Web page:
Vermont, Small State With Some Pretty Good Big Ideas

The state of Vermont was the 14th state to join the union. Its citizens have always exhibited that firm independence that has made America the tower of freedom it has become.

It all started back when explorer Jacques Cartier claimed the St Lawrence River Valley for France. It was later claimed by the colonies of New York and New Hampshire. But as the area called Vermont was developed, the people of Vermont decided not to be controlled by either New York or New Hampshire and Vermont was declared an independent republic in 1777. As time passed, the United States was formed and Vermont asked to join the union. In 1791 Vermont was approved as the 14th state.

The development of New England as the manufacturing center of the U.S. in the 1700’s and 1800’s was based on the water resources available and the beginning of the use of “hydropower” as a major source of energy.

Ultimately, the discovery and use of oil and natural gas replaced much of the famous water wheels and dams that became landmarks and in some cases, curiosities.

But somewhere in the state consciousness remained that natural feeling for water as the great power not only of the past but of the future. And that feeling began to influence some very important planning – that provides an example all states should be following.

In 2008 the Vermont Agency of Natural Resources sought to increase the development of renewable energy in the form of small hydro power projects. It is now working closely with developers so that they understand the feasibility of their potential sites and the permits that will be required to enable their developments.

Vermont also has a Water Supply Division which is charged with the protection of the public health by assuring safe drinking water and managing the sources of water. In addition, the Division contains a Support and Planning Section that is responsible for managing both the short-term and long-term planning, strategic and financial, of the continuing development of the supply of water for the state.

In our next edition we’ll show some of the ideas Vermont has put into action and how those processes will have great impact on a national basis if followed by the other states, in, we hope, rapid recognition of the need for and the feasibility of hydropower vs. the fossil fuel giants.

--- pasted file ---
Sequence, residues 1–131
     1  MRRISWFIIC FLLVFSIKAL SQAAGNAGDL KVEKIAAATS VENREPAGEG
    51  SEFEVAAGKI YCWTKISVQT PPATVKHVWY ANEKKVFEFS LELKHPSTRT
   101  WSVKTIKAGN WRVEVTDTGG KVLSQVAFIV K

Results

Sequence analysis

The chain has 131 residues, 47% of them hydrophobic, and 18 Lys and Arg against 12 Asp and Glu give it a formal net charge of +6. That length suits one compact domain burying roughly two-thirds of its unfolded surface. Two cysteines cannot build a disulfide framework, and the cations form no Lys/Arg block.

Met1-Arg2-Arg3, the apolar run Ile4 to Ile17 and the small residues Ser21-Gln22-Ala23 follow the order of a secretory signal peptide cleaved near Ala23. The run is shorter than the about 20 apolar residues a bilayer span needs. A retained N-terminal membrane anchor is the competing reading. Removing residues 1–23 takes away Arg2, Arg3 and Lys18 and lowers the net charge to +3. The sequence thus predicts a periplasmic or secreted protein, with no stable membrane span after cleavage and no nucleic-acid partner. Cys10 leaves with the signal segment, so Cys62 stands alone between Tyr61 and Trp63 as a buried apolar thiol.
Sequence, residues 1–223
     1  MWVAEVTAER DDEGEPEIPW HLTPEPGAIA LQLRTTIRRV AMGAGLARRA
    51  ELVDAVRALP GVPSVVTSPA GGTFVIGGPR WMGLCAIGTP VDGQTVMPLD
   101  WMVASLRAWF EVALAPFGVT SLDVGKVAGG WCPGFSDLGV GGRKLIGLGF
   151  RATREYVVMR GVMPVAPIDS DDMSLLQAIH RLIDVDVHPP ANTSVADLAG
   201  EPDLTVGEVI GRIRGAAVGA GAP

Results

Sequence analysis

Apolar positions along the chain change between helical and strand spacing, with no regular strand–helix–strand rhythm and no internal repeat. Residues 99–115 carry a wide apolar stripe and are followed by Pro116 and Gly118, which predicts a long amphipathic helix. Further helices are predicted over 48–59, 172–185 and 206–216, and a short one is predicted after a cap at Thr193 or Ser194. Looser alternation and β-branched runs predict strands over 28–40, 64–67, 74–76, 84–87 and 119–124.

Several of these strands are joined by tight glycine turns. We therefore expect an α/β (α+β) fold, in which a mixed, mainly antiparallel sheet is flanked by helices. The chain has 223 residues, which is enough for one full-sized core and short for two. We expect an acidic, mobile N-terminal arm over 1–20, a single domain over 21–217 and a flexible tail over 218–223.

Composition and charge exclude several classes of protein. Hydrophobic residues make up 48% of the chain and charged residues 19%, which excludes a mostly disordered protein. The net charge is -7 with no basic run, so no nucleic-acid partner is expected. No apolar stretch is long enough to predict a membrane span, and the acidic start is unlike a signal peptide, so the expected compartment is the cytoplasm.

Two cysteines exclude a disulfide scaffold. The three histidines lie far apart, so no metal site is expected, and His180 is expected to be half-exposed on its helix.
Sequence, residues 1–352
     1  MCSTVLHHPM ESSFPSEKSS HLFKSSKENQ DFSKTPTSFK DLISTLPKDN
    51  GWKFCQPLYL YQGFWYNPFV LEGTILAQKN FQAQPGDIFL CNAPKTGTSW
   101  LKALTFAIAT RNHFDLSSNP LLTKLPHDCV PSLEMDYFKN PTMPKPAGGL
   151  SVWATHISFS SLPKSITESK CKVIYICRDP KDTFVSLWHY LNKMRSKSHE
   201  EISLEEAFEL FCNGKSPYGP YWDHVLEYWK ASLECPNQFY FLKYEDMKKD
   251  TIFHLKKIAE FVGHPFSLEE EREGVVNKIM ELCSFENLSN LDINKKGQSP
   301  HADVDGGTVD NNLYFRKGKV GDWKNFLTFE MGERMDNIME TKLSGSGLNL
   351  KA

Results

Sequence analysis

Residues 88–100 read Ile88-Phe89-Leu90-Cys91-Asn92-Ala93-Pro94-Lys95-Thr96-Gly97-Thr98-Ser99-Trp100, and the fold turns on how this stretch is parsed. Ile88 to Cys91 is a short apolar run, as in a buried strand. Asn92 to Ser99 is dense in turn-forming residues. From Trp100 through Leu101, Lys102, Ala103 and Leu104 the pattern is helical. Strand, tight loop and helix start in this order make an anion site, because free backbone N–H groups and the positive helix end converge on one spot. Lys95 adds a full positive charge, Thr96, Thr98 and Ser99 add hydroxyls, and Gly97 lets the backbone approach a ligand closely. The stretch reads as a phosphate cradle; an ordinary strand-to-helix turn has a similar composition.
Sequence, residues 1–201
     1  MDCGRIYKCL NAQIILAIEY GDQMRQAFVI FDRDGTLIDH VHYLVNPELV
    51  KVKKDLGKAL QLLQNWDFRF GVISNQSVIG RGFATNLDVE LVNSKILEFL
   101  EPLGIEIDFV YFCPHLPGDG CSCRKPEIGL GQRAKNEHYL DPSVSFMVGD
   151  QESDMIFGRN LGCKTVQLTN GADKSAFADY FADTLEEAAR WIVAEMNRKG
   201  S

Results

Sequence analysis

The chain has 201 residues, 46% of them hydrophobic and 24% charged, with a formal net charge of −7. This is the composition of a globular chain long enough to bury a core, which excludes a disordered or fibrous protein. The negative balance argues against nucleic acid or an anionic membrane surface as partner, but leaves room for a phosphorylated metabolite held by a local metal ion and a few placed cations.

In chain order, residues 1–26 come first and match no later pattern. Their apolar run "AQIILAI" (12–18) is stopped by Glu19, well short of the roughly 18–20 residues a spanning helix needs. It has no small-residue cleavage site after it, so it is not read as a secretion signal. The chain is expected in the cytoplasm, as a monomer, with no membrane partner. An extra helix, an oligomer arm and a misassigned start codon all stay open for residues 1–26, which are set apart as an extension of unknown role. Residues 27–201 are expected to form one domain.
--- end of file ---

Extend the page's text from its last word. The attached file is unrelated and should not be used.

Wednesday, July 8, 2009

Where is the Government in all This?

And which government you might ask. For today’s purposes we’ll stay mostly within the U.S. and Canada. That’s plenty of territory to start with.

In the U.S. there are three basic levels of government control (or interference) involved in obtaining and providing energy services. This includes in some cases regulation of the rules and rates and who can be a customer and under what conditions.

And they are:

The Department of Energy and Federal Energy Regulatory Commission (FERC)

House committee on Energy and Commerce (5 subcommittees)
Senate Committee on Energy and Natural Resources (4 subcommittees)

Each state has a utility commission controlling electricity, gas, and communications

Counties and Municipalities:
Many have energy control related services

Then there is the international flavor:
Between the Federal and some States and Canada there are Independent System Operators (ISO). These are organizations formed at the direction or recommendation of the FERC to coordinate, control and monitor operations of the electrical power systems within a state, a group of states or states and Canadian provinces.